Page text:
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I can still remember the five year old boy stepping off of a plane from Japan, finding himself in an entirely different world. Dazed by the lethargic trip from my home country halfway around the earth, I failed to fully take in my new surroundings. Although the airport was filled with various different dialects, English chatter seemed to be the most prevalent. Store signs spelled out words that I assumed meant something, but otherwise could not comprehend. The airport’s intercom chattered directions that I could not understand. As I followed my parents through the seemingly enormous building to find our next flight, I found myself coming to a realization that this bizarre world that I had found myself in is now my home.

My first experiences in an American classroom were far from spectacular. Up until that point, I was used to seeing only Japanese kids in a classroom, so the level of racial diversity that I saw in my new class was staggering, and a little bit isolating. White kids, Chinese kids, and Hispanic kids were all present, but not a trace of a Japanese kid anywhere. No one was there to listen to my not yet translatable thoughts.When the teacher asked me a question, I could never understand what she was trying to ask me. Even the help of my classmates could not change my confusion, and I felt even more isolated as a result. The innocent kindergarten classroom felt like a hostile territory.

The only place that I could find any kind of solace during my first few months in America was the Japanese language school that my parents put me and my siblings in as a way to retain our Japanese identity in a very different culture. I could easily converse with basically every one of my classmates and I had no issues with understanding the concepts, as they were all in Japanese. During the first year or so,the place felt more like home to me than the American environment that surrounded me.

Eleven years have passed since I took my first step into the United States, and those early memories of my arrival and my first English classroom seem incredibly distant to me. By this point, English has become a second language, and I have no problems comprehending a teacher’s question. I have become a much better participant in the classroom, and writing English sentences has become second nature. This is the result of being exposed to American culture for the past decade. Although I am proud of my ability to assimilate into American society, it is at the same time alarming to my Japanese identity.

The weekly Japanese school that I continued to attend ever since I started living in America became more of a burden as the years pressed on. My constant exposure to the English language and American culture in general forced the Japanese aspect of my life to take a backseat, and I lost the enthusiasm that I used to have in learning Japanese. As a result, my development in speaking and writing Japanese slowed down significantly, and I would often find myself struggling to remember various kanji (Japanese characters) on my weekly exams. I also began to fall behind on my communication skills as well, for I found myself having more and more difficulties in communicating with my Japanese peers and my family members. I spoke less Japanese throughout the day and more English. The Japanese portion of my life just became not as important as it once was.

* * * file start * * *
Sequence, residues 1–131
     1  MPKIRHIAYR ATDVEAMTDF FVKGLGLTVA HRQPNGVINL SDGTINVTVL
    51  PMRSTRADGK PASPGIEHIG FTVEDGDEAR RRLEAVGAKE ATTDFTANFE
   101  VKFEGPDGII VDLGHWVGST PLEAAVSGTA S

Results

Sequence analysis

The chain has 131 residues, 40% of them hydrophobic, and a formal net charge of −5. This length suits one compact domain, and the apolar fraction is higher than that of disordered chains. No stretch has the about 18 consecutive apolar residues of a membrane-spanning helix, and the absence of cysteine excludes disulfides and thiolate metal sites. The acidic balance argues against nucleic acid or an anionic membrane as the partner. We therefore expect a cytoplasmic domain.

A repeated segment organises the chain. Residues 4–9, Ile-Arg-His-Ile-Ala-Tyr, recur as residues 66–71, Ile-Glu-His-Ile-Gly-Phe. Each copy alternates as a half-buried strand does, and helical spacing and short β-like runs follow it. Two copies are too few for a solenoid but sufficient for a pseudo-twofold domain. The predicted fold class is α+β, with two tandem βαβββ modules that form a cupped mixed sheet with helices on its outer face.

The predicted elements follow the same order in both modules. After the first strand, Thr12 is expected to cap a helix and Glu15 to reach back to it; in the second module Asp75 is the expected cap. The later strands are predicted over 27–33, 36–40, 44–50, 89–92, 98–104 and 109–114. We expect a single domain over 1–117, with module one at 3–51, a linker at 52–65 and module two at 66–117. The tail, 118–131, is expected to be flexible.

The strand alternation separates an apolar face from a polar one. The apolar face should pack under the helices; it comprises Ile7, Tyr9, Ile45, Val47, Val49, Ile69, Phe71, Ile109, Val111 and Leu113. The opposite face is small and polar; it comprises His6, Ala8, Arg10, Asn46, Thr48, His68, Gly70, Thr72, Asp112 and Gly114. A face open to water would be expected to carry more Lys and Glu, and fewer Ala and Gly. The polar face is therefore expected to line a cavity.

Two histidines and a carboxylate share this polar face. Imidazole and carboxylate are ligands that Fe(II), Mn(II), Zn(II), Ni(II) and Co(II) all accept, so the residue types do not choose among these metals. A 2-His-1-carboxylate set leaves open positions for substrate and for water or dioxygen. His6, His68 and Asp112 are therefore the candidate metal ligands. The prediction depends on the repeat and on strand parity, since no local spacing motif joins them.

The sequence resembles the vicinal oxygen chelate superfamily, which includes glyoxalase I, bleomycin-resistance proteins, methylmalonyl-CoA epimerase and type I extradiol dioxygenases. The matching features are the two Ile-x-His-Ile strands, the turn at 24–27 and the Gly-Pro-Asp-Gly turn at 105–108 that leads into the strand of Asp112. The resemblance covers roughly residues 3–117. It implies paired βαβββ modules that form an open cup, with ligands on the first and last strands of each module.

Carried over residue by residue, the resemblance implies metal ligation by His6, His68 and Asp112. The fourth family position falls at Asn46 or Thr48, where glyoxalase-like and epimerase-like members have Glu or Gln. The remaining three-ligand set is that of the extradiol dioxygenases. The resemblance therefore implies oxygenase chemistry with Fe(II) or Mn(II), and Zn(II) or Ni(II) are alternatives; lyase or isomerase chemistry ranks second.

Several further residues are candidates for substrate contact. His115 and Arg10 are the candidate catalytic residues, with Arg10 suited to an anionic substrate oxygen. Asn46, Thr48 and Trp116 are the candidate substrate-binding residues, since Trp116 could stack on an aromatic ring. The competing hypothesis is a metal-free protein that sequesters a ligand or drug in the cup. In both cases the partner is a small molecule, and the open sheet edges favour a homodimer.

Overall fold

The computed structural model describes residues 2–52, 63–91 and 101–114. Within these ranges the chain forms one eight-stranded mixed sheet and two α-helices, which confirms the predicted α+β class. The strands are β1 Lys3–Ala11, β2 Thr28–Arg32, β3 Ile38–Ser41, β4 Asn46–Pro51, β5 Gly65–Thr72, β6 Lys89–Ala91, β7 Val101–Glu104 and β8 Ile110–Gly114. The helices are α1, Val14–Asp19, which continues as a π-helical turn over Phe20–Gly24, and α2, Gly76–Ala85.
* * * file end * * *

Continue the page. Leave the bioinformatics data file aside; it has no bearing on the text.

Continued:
So for a very long time, I blew off Japanese school as much as I possibly could by not paying attention. I loathed having to get up early on Saturdays to go and attend the school and I rarely behaved in class. I constantly expressed my desire to drop out, and as a result I learned very little Japanese for quite a while. Yet I never did drop out. I continued to attend long after I told everyone in my class that I was going to quit, and I still attend the school to this day as often as I can. I could never pinpoint an exact reason as to why I stayed, so I just assumed that it was a matter of bad timing and the fact that my parents never offered an opportunity to let me quit. However, lately it has become very clear why I never stopped showing up to Japanese school? I wanted to stay Japanese as much as I could. When I look around my house, I see a great deal of Japanese influence all around. Dozens of Japanese movies, novels, and comics stacked our shelves. My parents go out of their way to purchase Japanese products at Asian markets. My father subscribed to two television providers in order to watch Japanese programs. My mother cooks Japanese food every day, and even prepares traditional feasts on appropriate Japanese holidays. It became clear to me that my parents were not willing to give up their traditional way of life just because it is harder to maintain it in another country. By seeing this, I realized that their enthusiasm in staying Japanese has influenced me as well. I decided that although I may not necessarily be good at speaking or writing Japanese, trying to learn it and speak it was at least worth it.

At times I wonder what my life would have been had my parents not made the decision to move to the United States, but I usually fail to come up with any sort of scenario, and I don’t want to. I feel truly grateful to have been able to live in America, and I would not wish to have it any other way. Moving to America allowed me to appreciate my culture by solidifying my Japanese identity more than I probably ever would have had I stayed in Japan. Looking back at the first few months of living in America, constantly being lost in translation, I remember the sense of confusion that I always had, but at the same time I feel assurance. I am assured that my life eventually became easier, and that the little five year old Japanese boy struggling to understand a single English sentence will eventually realize the importance of his language.



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